The Carrier IQ story just won’t go away.
Earlier this month the tech world became aware of Carrier IQ - software installed onto millions of handsets designed to send usage and diagnostic data back to the carriers. Initially the company denied that there was anything sinister about the logging software, but it has now admitted that a bug in the software meant that SMS messages ‘may have’ been captured.
Here is the company’s explanation:
Carrier IQ has discovered that, due to this bug, in some unique circumstances, such as a when a user receives an SMS during a call, or during a simultaneous data session, SMS messages may have unintentionally been included in the layer 3 signaling traffic that is collected by the IQ Agent. These messages were encoded and embedded in layer 3 signaling traffic and are not human readable.
A couple of points worth making.
- Saying that the captured SMS messages were ‘not human readable’ is invoking weasel words to try to downplay the severity of the matter. Binary is not human readable, but it’s not hard to make it human readable. No mention is made of whether the diagnostic data was encrypted, so we can assume not.
- Software bugs are a fact of life. They’re not going to go away. However, what’s worrying here is that this bug (and from a privacy standpoint, it’s a pretty serious bug) went unnoticed until public attention was focused on Carrier IQ. No mention is made of how long this bug was in place.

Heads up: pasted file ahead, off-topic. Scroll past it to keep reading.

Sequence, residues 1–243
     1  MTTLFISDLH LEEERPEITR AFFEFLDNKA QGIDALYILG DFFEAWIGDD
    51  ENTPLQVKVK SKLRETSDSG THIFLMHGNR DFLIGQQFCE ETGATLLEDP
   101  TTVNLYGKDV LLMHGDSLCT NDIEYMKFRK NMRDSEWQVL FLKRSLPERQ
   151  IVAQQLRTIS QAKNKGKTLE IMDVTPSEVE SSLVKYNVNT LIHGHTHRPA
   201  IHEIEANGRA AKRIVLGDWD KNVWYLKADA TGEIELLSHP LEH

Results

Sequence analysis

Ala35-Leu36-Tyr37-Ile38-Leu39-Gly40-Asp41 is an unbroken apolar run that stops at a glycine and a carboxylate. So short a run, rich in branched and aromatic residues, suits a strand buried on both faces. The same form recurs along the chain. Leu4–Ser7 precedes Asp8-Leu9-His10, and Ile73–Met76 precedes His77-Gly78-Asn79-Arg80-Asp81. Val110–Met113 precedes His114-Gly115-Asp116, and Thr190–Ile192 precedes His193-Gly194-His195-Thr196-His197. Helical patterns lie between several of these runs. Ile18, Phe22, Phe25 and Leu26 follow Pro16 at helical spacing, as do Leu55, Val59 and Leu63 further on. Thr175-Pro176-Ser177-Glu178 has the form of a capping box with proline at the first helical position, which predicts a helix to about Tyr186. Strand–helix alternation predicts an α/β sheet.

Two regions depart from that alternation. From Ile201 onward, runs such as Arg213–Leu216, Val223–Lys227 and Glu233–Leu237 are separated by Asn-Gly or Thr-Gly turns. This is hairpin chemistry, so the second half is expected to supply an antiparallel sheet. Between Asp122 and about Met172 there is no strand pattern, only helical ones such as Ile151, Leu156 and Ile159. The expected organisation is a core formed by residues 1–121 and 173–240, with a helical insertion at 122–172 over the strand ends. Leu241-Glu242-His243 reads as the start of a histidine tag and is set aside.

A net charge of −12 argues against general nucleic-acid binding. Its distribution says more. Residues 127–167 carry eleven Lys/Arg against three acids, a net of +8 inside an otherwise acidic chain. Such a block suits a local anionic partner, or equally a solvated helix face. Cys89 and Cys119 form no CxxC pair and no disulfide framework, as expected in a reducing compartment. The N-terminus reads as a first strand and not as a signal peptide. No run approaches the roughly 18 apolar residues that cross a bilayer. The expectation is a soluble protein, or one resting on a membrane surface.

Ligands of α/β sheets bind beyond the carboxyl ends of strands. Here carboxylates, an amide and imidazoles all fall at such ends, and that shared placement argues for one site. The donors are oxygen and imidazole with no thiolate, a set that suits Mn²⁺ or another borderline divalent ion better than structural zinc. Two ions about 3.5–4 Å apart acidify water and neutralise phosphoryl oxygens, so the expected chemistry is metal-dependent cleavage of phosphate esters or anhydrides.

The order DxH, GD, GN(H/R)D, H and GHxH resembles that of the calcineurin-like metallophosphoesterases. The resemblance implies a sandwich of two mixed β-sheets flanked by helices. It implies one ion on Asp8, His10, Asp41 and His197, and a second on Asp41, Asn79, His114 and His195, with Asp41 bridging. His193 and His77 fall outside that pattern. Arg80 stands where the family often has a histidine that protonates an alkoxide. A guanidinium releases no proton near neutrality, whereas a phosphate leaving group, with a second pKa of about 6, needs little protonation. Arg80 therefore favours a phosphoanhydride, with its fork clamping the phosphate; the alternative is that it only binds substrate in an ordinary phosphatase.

And there are more weasel words from Carrier IQ:
Carrier IQ customers who have deployed the embedded version of the IQ Agent have been informed of this bug, and Carrier IQ has worked with customers to fix it and ensure that this information is no longer captured. Only embedded versions of our software are affected by this bug.
‘Customers’ here are not people like you and me. They’re the handset makers and network operators. Also, no mention is made of how many actual ‘users’ were affected by this bug, for how long they were affected, and how many handsets have been patched so far.
And this is why software like Carrier IQ is a bad idea. In principle, I’m not opposed to software installed onto devices for diagnostic and telemetry reasons because this serves a valuable purpose. But I do have a problem when users are not informed about the existence of this software and are not given the opportunity to opt-out.
Data leakage, whether that be deliberate or accidental, is a serious matter. It represents a breach of trust between consumer and service provider. While I can see the benefits that a tool like Carrier IQ bring to the networks and handset makers, we can’t lightly abandon privacy for the sake of a better service.
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